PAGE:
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Rare Diseases: Health Directorate Wants to Identify Spinal Muscular Atrophy

Rare Diseases: Health Directorate Wants to Identify Spinal Muscular Atrophy

Rare Diseases: Health Directorate Wants to Identify Spinal Muscular Atrophy

Homocystinuria, Cystic Fibrosis, Phenylketonuria… 13 diseases can be detected two to three days after birth with a few drops of blood taken from the heel. And the Health Authority (HAS) announced in a press release published this Wednesday that it wants to add another one. Spinal muscular atrophy (SMA) should indeed be included in the proposed and highly recommended neonatal screening of newborns.

Spinal muscular atrophy is a rare genetic disorder. It affects about 1 in 10,000 births in France each year, or several dozen newborns. And it remains very serious. The child can quickly develop difficulties with eating and breathing: the disease is characterized by irreversible neuromuscular degeneration. The Supreme Authority concludes that spinal muscular atrophy “can, in its most severe forms, lead to the death of a child under 2 years of age.”

The fact remains that “babies with SMA are asymptomatic at birth, and the first signs usually appear in the following weeks,” the HAS press release states. So, “screening for this disease from birth would allow treatment to begin as soon as possible to prevent or at least limit its progression,” she continues. These drug treatments have emerged in recent years, between 2017 and 2021.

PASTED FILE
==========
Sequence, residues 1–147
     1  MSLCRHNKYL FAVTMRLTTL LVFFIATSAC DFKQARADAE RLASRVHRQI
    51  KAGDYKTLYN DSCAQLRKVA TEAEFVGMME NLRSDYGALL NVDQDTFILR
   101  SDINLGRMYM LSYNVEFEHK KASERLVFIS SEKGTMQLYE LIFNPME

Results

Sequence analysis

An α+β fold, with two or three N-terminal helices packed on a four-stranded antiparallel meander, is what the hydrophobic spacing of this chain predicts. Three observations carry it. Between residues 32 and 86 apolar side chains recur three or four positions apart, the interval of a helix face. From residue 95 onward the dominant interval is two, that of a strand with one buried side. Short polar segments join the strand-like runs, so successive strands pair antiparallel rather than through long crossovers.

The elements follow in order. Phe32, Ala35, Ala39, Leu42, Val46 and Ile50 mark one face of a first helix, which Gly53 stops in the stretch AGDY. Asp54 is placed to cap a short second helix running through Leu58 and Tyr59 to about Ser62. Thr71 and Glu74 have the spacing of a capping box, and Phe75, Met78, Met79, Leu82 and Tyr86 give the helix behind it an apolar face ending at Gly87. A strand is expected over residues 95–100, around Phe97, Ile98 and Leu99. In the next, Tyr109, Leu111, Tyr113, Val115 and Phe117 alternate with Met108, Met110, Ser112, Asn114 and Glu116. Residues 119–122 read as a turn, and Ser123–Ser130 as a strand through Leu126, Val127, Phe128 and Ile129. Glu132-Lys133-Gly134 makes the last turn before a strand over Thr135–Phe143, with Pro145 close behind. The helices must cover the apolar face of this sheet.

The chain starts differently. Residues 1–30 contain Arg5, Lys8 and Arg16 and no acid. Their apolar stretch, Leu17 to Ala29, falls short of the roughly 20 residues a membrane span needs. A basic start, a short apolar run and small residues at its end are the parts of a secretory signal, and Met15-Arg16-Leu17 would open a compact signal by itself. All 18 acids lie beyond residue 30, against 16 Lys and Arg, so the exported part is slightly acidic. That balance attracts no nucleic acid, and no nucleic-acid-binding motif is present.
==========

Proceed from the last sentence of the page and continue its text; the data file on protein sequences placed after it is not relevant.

The check has already been carried out

According to HAS, treatment “before the onset of symptoms will improve the health of patients (in particular, improving mobility, breathing and nutritional capacity), their quality of life and facilitating support from caregivers.” This is therefore what the Grand Est and Nouvelle-Aquitaine regions have already been trying since January 2023, with the support of the AFM-Téléthon association in particular.

Following the experiment in Nouvelle-Aquitaine and the diagnosis of the first child in the region, neurologist Caroline Espil of the University Hospital of Bordeaux stated that the newborn “benefited (from the treatment) at four weeks of life, even before the first symptoms appeared.” The specialist was pleased with this success, stating that it “will significantly and effectively change the course of the disease.”

HAS also recommends psychological support for families from a specialist familiar with the disease “as soon as the diagnosis is made, including for parents of children with a less severe or later form” – they are not eligible for drug treatment but should benefit from close medical supervision.

Source: Le Parisien

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